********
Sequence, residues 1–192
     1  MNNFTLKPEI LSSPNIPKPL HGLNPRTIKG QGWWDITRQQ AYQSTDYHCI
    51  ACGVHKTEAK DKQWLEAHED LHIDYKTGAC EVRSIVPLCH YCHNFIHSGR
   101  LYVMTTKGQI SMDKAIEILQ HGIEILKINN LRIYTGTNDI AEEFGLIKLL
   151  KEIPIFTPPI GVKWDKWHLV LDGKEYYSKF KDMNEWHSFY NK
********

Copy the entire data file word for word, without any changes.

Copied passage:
Sequence, residues 1–192
     1  MNNFTLKPEI LSSPNIPKPL HGLNPRTIKG QGWWDITRQQ AYQSTDYHCI
    51  ACGVHKTEAK DKQWLEAHED LHIDYKTGAC EVRSIVPLCH YCHNFIHSGR
   101  LYVMTTKGQI SMDKAIEILQ HGIEILKINN LRIYTGTNDI AEEFGLIKLL
   151  KEIPIFTPPI GVKWDKWHLV LDGKEYYSKF KDMNEWHSFY NK